Food allergies occur when the immune system mounts an attack on certain proteins in certain foods. The substances in the food that cause this immune system response are called allergens. The immune system is a complex network of cells and molecules that help defend the body against unknown substances. When a properly functioning immune system detects an unknown substance, it responds to this threat by producing proteins called antibodies against the invaders. The antibodies will recognize and attack this foreign substance when they next encounter it. This "battle" is what causes the allergy symptoms. In food allergy the immune system mistakenly sees a harmless substance in the food as harmful, and churns out antibodies known as immunoglobulin to attack it. These antibodies will circulate in the blood, attached to special cells called mast cells, which are part of the immune system. This occurs in order to protect against future invasion by that substance. The next time a person eats that food, the substance to which he is allergic the allergen enters the body, and attaches to the immunoglobulin on mast cells. The mast cells respond by releasing a host of powerful chemicals, including histamine, to protect the body. This produces allergic symptoms. Histamine contributes to inflammation and causes symptoms such as swelling on the skin and itching. It is responsible for the hives, or welts, that appear on the skin when a doctor tests for allergy. These hives show the presence of immunoglobulin and are one of the best indications of allergy. What are the Symptoms of Food Allergy?
In an allergy attack, the symptoms experienced depend on where in the body histamine is released. Allergic reactions to foods most often involve the skin, the stomach and intestines, and the mouth and the respiratory system. A life threatening reaction may involve all parts of the body including the cardiovascular system so that the individual goes into shock this will lead to blood pressure to fall dangerously low. A severe reaction could start very suddenly and involve only a fall in blood pressure or shock. It is important to know that a life threatening reaction may occur with no skin symptoms. Symptoms may appear within minutes or as long as several hours after eating the allergy provoking food. An allergy reaction in the skin may cause hives, itchy, scaly rash called eczema, redness or flushing, and swelling. In the digestive system an allergy reaction may cause stomach pain, nausea, vomiting, and diarrhea. An the common respiratory symptoms from an allergic reaction may include sneezing, coughing, runny nose, wheezing, closing of the throat and breathing difficulties, as part of a severe allergic reaction known as anaphylaxis and, itchy, watery eyes are often included with respiratory symptoms. Life-Threatening Reactions (Anaphylaxis)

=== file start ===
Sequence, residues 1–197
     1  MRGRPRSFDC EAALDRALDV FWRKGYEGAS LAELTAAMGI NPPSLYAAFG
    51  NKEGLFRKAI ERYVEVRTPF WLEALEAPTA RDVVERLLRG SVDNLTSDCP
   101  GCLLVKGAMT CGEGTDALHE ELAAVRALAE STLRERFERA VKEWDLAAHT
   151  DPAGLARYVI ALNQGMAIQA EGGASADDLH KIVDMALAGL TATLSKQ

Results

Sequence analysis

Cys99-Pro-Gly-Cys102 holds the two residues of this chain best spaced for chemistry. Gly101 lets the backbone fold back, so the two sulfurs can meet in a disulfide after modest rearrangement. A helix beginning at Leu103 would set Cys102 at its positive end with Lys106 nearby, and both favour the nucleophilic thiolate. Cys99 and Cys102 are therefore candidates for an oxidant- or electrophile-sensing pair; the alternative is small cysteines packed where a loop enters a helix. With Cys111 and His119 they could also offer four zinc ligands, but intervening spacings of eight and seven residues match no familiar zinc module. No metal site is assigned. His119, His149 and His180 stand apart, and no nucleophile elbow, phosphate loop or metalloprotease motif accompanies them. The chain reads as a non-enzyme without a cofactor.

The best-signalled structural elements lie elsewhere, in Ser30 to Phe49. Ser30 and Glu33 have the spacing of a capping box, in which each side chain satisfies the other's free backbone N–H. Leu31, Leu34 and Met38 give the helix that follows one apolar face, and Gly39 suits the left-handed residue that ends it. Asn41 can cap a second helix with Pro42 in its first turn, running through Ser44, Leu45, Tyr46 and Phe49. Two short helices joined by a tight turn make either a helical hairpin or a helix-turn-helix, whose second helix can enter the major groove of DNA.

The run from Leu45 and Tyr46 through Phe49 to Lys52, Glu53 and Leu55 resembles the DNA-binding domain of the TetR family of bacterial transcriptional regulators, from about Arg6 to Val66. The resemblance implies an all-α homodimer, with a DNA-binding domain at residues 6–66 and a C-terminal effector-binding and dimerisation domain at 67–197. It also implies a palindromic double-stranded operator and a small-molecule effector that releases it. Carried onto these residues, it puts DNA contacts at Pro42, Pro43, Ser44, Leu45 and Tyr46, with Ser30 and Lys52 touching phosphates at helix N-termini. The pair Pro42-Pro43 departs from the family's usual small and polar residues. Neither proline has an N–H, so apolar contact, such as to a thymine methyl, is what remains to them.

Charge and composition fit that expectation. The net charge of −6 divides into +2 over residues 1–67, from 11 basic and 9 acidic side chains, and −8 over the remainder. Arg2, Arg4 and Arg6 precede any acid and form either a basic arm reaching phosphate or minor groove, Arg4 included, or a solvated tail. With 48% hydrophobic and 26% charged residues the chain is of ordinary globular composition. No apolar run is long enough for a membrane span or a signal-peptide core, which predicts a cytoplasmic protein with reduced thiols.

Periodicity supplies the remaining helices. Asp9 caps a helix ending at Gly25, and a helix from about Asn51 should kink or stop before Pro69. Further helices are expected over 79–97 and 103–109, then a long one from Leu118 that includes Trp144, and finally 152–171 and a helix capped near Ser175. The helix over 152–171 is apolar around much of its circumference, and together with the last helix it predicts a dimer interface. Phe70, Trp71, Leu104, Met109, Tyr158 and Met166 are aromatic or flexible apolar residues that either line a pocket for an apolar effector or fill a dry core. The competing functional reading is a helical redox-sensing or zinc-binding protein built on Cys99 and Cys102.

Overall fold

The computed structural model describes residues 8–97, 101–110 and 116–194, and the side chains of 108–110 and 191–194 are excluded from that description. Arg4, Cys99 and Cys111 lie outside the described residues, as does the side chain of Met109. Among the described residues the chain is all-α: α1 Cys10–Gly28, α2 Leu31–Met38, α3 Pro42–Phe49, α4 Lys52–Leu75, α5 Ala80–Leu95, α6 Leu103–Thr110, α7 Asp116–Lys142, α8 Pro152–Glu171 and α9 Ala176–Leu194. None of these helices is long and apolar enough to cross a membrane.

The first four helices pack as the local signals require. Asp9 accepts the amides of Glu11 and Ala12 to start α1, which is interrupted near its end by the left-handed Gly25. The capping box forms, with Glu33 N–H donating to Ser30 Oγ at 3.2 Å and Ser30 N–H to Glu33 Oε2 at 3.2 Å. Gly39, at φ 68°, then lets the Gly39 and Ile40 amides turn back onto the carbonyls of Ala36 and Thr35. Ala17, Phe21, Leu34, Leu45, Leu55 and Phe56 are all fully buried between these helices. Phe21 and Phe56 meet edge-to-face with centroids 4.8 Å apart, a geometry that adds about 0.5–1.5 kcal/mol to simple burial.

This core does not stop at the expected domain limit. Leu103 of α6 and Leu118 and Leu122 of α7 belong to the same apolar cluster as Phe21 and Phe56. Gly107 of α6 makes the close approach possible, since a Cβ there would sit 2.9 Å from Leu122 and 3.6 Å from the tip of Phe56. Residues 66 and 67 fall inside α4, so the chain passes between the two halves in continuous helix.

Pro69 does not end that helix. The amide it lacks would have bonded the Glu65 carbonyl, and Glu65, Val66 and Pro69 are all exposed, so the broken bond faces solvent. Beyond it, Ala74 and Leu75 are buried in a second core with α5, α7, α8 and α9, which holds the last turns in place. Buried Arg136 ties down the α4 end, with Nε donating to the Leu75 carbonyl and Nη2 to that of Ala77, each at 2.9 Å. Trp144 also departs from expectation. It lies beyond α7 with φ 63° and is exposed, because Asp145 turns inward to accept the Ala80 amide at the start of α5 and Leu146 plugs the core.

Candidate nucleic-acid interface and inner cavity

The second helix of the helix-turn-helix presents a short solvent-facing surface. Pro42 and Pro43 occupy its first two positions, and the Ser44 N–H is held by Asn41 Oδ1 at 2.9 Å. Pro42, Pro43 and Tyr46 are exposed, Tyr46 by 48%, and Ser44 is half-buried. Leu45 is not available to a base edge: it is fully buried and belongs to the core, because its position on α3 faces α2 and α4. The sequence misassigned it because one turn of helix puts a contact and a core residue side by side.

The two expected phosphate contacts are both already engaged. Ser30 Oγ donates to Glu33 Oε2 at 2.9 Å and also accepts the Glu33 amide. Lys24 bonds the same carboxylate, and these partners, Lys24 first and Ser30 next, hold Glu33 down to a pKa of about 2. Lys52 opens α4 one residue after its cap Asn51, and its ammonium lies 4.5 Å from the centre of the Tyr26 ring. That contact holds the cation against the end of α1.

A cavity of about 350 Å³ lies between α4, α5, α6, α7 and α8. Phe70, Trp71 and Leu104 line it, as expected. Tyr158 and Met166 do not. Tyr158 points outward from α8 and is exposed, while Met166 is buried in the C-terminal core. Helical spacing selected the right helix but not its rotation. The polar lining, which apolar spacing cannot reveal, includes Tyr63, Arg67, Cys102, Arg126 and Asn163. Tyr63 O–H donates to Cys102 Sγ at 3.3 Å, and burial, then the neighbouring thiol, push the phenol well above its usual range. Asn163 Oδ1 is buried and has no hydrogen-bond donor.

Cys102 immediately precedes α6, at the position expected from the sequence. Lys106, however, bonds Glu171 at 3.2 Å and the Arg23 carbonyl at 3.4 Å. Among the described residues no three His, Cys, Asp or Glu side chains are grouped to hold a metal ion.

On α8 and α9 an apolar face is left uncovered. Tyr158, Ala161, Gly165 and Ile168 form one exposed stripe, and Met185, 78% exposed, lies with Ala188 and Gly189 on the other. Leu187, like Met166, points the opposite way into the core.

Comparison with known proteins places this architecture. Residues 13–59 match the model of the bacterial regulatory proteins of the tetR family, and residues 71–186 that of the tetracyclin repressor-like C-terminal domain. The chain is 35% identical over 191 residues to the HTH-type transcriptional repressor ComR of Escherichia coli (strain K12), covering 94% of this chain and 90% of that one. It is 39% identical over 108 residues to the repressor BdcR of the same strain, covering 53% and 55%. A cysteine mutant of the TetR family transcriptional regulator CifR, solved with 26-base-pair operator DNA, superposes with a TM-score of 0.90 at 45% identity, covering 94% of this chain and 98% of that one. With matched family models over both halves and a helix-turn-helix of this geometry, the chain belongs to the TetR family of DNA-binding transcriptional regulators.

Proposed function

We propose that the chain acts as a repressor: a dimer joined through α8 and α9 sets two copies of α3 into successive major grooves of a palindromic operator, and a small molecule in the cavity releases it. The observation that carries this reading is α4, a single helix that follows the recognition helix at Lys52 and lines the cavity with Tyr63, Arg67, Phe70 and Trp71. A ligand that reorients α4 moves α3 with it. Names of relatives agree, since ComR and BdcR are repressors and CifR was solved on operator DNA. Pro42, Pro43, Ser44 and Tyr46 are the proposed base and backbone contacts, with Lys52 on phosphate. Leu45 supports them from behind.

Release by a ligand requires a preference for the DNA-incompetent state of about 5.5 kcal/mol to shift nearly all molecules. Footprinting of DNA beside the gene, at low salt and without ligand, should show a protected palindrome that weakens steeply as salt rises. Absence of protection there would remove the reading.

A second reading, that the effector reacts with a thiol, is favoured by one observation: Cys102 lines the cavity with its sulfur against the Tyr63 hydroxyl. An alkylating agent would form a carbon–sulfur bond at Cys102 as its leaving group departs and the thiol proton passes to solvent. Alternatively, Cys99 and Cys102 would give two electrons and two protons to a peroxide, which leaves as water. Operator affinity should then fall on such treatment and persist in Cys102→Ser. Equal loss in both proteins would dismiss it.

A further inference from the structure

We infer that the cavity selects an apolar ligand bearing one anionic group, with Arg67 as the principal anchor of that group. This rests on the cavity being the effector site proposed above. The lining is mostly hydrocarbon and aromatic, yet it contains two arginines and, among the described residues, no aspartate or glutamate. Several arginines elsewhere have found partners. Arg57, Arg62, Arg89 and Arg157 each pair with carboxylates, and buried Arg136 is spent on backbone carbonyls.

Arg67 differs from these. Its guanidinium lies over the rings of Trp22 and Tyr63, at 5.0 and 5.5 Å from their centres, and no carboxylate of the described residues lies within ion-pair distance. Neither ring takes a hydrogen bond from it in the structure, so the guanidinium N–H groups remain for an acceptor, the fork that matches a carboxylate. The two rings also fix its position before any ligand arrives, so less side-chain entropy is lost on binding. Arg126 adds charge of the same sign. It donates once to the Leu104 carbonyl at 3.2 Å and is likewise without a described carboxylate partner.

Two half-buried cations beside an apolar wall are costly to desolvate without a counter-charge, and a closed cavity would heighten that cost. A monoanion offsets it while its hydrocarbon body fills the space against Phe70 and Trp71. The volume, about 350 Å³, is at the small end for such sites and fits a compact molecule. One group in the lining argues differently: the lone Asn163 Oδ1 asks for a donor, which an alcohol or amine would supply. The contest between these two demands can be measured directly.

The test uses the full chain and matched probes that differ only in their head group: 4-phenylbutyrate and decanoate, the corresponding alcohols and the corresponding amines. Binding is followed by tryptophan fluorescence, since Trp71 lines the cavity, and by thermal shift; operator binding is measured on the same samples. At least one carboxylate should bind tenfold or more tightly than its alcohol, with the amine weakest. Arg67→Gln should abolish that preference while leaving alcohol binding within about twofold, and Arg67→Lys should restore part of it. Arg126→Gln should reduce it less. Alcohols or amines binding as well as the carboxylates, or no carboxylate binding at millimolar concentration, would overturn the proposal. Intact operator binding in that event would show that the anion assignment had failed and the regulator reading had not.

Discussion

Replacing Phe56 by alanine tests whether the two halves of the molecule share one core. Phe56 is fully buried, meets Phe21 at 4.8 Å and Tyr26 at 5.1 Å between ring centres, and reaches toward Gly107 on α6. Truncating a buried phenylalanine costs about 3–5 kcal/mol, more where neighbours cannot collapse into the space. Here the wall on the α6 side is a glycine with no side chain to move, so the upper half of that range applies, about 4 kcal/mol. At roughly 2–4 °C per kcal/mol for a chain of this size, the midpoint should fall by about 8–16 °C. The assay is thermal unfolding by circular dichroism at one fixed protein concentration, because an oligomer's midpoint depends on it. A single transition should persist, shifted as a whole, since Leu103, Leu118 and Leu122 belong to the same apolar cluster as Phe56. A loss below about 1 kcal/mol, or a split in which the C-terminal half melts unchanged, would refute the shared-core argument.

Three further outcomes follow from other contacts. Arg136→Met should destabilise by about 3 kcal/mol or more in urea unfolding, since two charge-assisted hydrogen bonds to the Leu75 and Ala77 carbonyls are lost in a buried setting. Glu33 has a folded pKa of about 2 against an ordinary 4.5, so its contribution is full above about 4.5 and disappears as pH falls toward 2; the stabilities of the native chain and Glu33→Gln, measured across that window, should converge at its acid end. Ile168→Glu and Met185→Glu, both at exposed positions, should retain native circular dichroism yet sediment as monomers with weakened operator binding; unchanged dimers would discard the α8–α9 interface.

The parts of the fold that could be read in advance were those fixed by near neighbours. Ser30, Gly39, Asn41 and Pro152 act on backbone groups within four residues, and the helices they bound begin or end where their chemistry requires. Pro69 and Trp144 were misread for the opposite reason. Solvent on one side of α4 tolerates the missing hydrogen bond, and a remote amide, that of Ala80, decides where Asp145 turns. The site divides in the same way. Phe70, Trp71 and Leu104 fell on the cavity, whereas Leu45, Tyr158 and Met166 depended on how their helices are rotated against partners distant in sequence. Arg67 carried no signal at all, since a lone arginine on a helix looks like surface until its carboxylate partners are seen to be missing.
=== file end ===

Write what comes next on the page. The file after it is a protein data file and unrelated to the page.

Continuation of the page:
The most severe allergic reaction is anaphylaxis, or anaphylactic shock, a severe reaction that involves most of the body. Anaphylaxis can affect several parts of the body at the same time, including the skin and the digestive and respiratory systems or it might just involve respiratory or cardiovascular symptoms. In addition to producing the symptoms of food allergy, it may also lead to difficulty in breathing, falling blood pressure and unconsciousness. Although very rare, anaphylaxis can be fatal. Each year, about 150 people in the United States die of food-related anaphylaxis. Which Foods Cause Allergic Reactions?
Virtually any food can trigger an allergic response. However, studies have found that 80 to 90 percent of children with food allergies are allergic to one or more of these foods for example eggs, peanuts, milk, wheat, and soy. Other common triggers include tree nuts such as almonds, pecans, cashews, Brazil nuts and walnuts, and fish and shellfish for example, crab and shrimp. Various other foods and certain food additives and spices may cause allergic reactions. Cross...